- About: British Chinese poet, writer and broadcaster Anna Chen
- On the radio
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- The Steampunk Opium Wars
- Foot and Mouth Campaign
- RSC The Orphan of Zhao controversy
- A Bad Case of the Trots
- Reaching for my Gnu: poetry
- Print Room protest: In the Depths of Dead Love chronology
- Poetry Live!
- Yellow Peril Orientalism
Monday, 13 October 2014
Yellow Peril Orientalism past and present: awaiting Chris Frayling's new Chinaphobia book
This morning's hypnagogic state was interrupted by a call from Pat Edlin, who excitedly told me about a book by Chris Grayling about yellow peril fears and orientalism that he'd just heard discussed on the Today programme (BBC Radio 4).
I did wonder why a dodgy Tory minister would suddenly break the habit of a political lifetime and stick up for underdogs instead of sticking it to them. The thought of kindness and rationality emanating from John Humphrys and the laughably titled Justice Minister blew my noggin enough to have me reaching for Wiki.
Ah, Pat meant the other one. How unfortunate for academic Chris Frayling to so nearly share a name with the Slippery One: only one letter away on the keyboard for anyone with fat fingers.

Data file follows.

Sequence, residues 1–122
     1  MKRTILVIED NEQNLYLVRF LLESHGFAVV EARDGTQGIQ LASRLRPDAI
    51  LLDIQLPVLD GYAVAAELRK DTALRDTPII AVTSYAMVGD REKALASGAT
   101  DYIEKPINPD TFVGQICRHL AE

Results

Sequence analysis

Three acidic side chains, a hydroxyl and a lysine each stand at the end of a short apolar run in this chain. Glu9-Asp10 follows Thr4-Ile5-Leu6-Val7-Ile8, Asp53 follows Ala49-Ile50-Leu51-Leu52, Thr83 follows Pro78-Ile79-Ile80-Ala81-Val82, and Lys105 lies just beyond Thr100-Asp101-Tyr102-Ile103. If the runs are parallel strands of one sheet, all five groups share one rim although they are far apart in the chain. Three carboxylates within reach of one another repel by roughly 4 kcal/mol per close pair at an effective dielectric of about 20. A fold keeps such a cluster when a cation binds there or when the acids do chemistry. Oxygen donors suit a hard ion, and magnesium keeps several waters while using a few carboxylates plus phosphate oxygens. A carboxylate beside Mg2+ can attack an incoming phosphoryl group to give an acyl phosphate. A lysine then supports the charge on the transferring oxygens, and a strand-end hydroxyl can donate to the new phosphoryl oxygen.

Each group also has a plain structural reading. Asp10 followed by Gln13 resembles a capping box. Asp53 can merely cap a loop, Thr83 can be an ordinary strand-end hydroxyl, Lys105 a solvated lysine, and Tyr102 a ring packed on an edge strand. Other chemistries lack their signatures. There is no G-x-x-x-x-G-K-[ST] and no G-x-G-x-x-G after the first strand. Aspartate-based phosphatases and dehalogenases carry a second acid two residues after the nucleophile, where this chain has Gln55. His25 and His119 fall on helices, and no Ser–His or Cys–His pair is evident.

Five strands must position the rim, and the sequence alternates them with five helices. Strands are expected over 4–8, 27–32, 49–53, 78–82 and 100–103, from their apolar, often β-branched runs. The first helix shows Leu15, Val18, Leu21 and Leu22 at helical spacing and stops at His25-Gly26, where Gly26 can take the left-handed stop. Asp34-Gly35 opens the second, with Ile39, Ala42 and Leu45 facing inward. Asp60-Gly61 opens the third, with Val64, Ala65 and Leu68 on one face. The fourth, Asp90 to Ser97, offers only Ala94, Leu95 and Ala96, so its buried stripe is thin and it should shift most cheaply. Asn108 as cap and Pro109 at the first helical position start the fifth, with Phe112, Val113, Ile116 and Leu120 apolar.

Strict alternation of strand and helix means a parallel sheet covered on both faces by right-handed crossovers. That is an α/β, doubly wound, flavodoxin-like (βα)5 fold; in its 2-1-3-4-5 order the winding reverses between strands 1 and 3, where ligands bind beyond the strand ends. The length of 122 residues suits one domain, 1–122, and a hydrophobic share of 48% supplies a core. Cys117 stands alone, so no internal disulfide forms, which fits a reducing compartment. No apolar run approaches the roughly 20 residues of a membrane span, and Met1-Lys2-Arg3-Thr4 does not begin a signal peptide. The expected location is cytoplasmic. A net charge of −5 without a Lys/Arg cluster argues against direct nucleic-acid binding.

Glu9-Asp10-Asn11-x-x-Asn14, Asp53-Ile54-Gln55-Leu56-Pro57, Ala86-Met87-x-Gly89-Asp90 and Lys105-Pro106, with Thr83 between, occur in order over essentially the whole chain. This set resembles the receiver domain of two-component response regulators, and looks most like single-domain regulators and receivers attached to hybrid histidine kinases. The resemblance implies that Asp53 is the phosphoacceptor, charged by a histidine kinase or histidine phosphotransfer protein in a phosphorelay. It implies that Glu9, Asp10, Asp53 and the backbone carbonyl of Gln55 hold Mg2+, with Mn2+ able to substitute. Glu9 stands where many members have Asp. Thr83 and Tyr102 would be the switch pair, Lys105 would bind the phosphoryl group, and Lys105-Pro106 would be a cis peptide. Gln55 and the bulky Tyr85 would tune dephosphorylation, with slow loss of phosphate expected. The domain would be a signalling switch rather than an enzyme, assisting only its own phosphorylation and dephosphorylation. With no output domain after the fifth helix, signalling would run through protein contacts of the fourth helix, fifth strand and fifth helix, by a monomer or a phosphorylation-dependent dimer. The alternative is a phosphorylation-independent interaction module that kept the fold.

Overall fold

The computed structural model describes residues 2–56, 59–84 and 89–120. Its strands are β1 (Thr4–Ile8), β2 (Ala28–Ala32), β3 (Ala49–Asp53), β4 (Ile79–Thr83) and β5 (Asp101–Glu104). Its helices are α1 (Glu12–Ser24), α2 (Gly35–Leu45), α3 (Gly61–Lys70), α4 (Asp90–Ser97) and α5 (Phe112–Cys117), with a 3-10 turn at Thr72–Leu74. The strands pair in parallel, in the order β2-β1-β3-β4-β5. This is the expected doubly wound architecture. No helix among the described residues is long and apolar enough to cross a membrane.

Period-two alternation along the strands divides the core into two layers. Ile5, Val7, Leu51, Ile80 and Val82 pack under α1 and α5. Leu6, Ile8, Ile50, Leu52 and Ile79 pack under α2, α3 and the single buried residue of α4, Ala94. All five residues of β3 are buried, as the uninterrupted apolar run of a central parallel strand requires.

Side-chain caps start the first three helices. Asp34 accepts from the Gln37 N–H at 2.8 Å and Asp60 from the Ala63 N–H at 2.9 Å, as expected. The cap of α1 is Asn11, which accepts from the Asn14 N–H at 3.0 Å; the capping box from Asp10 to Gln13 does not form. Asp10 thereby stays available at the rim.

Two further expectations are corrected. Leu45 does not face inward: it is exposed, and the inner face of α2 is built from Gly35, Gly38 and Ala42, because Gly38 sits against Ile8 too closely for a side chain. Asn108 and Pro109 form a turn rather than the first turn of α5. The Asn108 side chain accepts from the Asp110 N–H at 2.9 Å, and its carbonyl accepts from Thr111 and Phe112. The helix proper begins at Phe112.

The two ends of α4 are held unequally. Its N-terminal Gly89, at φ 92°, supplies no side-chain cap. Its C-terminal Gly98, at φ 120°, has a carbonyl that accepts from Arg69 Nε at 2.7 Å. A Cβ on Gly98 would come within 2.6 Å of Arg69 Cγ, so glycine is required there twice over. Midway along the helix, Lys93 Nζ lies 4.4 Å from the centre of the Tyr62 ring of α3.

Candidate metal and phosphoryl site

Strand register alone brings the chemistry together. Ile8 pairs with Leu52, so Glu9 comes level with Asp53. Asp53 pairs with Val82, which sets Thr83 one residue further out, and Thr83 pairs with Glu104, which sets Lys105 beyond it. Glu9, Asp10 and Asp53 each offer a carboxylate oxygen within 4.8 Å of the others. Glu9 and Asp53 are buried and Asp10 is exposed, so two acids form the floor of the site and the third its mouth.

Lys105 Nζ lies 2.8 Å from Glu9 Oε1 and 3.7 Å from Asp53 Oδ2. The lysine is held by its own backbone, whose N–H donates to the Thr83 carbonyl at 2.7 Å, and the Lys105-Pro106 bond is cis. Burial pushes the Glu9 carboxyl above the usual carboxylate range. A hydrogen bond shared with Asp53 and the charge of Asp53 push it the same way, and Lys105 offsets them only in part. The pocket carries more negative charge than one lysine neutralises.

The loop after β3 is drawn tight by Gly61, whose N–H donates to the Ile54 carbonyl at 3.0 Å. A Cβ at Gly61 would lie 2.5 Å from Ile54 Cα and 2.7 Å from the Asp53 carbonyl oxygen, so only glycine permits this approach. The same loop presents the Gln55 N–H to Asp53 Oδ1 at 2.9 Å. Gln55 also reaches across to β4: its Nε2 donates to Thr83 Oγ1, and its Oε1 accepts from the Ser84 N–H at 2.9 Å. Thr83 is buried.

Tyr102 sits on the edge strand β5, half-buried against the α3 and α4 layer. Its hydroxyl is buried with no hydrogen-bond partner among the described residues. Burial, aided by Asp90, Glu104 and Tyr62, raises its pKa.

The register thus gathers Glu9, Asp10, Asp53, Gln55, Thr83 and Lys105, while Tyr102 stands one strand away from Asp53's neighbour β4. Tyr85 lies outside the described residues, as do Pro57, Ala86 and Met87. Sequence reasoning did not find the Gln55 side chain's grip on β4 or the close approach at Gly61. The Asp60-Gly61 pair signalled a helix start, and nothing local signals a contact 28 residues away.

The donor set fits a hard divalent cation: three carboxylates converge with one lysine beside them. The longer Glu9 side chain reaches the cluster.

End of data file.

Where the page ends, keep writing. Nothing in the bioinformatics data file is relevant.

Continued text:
I met Chris — the nice Chris — on BBC Radio 3's Night Waves in 2011 when I was talking about Anna May Wong and the dire representation of Chinese and east Asians in general in the media. I'm delighted to see him take on this subject and hopefully give it the Edward Said Orientalism treatment.
Here's a round-up of yellow peril episodes both historical and current that we've had to deal with.
From Anna May Wong having to die every time a white bloke fancied her, Sherlock's Blind Banker episode and propagandist hack Sax Rohmer's villainous Fu Manchu to the government blaming Chinese Brits for for its own failure to contain the Foot and Mouth Disease outbreak in 2001, we've encountered a slew of challenges, and even won a few of 'em.
I'm looking forward to reading Chris Frayling's new book, The Yellow Peril: Dr Fu Manchu and the Rise of Chinaphobia (Thames and Hudson), presumably covering similar ground as Philip Dodds' sympathetic Radio 4 programme, Overwhelming China, that Daniel York, my fellow Fu Fighter, and I were on a while back.
Let's hope we're hitting a critical mass and that all this yellow peril nonsense will come to a swift end.
And then the BBC sacked Jeremy Clarkson, and then I woke up.